at least according to Wiktionary. The origin of this phrase in the Czech language is disputed. One theory says that it was first used centuries ago when noblemen spoke French (it was a part their “higher education”) and it somehow survived.

However, the problem often arises when companies send out their corporate greeting cards to their foreign partners – and they leave the “PF 2011” in the foreign-language version, along with the proper “Merry Christmas…” wish. Foreigners have no idea what the initialism means…


Survey: more Czechs will give money as Christmas presents

In Culture,Economy on November 24, 2010 by Petr Bokuvka Tagged: , , , ,

Instead of neat packages with Christmas motifs, many Czechs will find a stuffed envelope or gift certificates under (well, on is more like it) their Christmas trees. According to a recent survey some people realized that the only way to gift something the recipient really wants is to have them buy it themselves, most usually AFTER Christmas when discounts and sales hit the stores.

It probably has something to do with the financial crisis (people really do not want to buy pointless gifts) or with the fact that most adult-aged people realized that they have everything they really need (exceptions apply, of course). Plus, we do not seem to have a period of any real in-style gift or category of gifts that everybody would want.

The only drawback is that it kind of defies the traditional gift exchange and the whole gave-it-some-thought behind it. In families with healthy relationships (or among real friends) this should not be a problem.


Christmas traditions changing: goodbye carp, hello turkey

In Culture,History,Winter on December 20, 2009 by Petr Bokuvka Tagged: , , , , ,

(c) Green Farm Hotel, Norfolk, UK

For decades, generations, even, breaded fried carp with potato salad has been the number-one Christmas Eve dinner. People who do not like carp, or who just do not want to fight with bones and risk swallowing one (dozens of people end up visiting an emergency room with a bone stuck in their throat), have fish fillets (boneless) instead.

Today I went by a butcher’s that had a huge specially made sign that said “Now taking orders for Christmas turkeys”.

Now, that’s new.

I am sure there have been families (not necessarily expats) that have turkey instead of fish, but so far I haven’t seen any business take care of these special needs, especially since it is possible to buy turkey any day of the year. So it does look like a signal that the number of Czech turkey-loving families is increasing… Czechs are known for “stealing other nations’ holidays”  (Halloween and jack-o-lanterns are the most recent example) so it might not take long…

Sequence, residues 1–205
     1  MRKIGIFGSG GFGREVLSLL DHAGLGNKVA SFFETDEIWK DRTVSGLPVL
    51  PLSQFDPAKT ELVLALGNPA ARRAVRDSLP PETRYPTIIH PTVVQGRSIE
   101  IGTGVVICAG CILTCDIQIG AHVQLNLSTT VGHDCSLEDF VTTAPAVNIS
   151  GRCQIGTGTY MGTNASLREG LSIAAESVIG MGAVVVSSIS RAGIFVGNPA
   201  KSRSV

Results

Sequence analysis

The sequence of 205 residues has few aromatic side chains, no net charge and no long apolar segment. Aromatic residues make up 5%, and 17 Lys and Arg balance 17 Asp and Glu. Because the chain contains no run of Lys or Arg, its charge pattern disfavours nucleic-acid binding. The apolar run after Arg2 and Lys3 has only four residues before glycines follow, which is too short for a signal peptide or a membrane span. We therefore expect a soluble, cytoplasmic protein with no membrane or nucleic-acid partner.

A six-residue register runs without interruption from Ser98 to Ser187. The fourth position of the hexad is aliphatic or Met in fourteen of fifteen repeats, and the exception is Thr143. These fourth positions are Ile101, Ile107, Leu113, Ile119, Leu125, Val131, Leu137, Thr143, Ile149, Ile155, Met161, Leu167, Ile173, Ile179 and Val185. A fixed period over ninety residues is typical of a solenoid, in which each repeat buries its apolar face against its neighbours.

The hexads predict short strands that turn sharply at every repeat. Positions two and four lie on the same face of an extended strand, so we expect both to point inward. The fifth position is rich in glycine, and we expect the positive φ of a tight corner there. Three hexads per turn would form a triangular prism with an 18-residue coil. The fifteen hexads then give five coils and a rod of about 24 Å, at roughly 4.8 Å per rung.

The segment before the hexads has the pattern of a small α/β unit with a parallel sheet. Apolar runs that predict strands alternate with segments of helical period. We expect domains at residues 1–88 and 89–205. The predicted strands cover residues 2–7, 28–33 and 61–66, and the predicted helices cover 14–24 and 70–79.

In the Czech Republic Christmas presents are opened on December 24 after dinner. So far, at least…


Christmas spirit in Vienna

In Photography,Travel,Winter,World on November 30, 2009 by Petr Bokuvka Tagged: , ,

(c) Petr Bokuvka

The main part of the Vienna market is situated in front of the city hall (Rathaus) building.

(c) Petr Bokuvka

Christmas tree decorations, toys, candles, hand-made gifts, jewelry, hand-made stationery…

(c) Petr Bokuvka

…and of course hot wine, whipped cream rolls, pretzels, candy, Sacher Torte, etc. The latter is not pictured here as the “huts” were always surrounded by crowds of people waiting patiently in lines…


The Brno Christmas market starts today, and the mayor promised changes

In Brno,Economy,Winter on November 27, 2009 by Petr Bokuvka Tagged: , , ,

The famous Brno Christmas market starts today. After years of bummer and bad reputation, the Mayor promised this year should be different.

For years the market was operated by a private company which could dictate the product categories to be sold in the wooden “huts” on the main square. People wanted traditions and the Christmas spirit, but many of the huts sold pyjamas, cheap underwear and other junk.

The city government argued that it had practically no control over the products. It became apparent that the municipality had concluded  a bad contract and there was no way to back out of it and almost all citizens of Brno had to wait for the contract to expire.

Christmas market photos coming up…


Tesco put up Christmas decorations on October 27. Is anyone out of their mind?

In Brno,Economy on October 31, 2009 by Petr Bokuvka Tagged: , ,


(c) Petr Bokuvka

Some people in Tesco probably think that the first company or store that reminds people of the upcoming Christmas will win the most customers and have them spend money. Tesco in downtown Brno put up Christmas decorations this week, i.e. almost two months before the Christmas Eve and one month “before winter”.

The store even has a TREE in the lobby.

This particular store is an old-fashioned department store. It has aisles with Tupperware next to groceries or underwear. The goods are usually “no name” and the atmosphere is absolutely terrible… Especially the clothes are hideous…

Be it as it may, having a Christmas tree in late October is ridiculous. Of course, it is a business strategy but in terms of holidays and observances it totally destroys the spirit…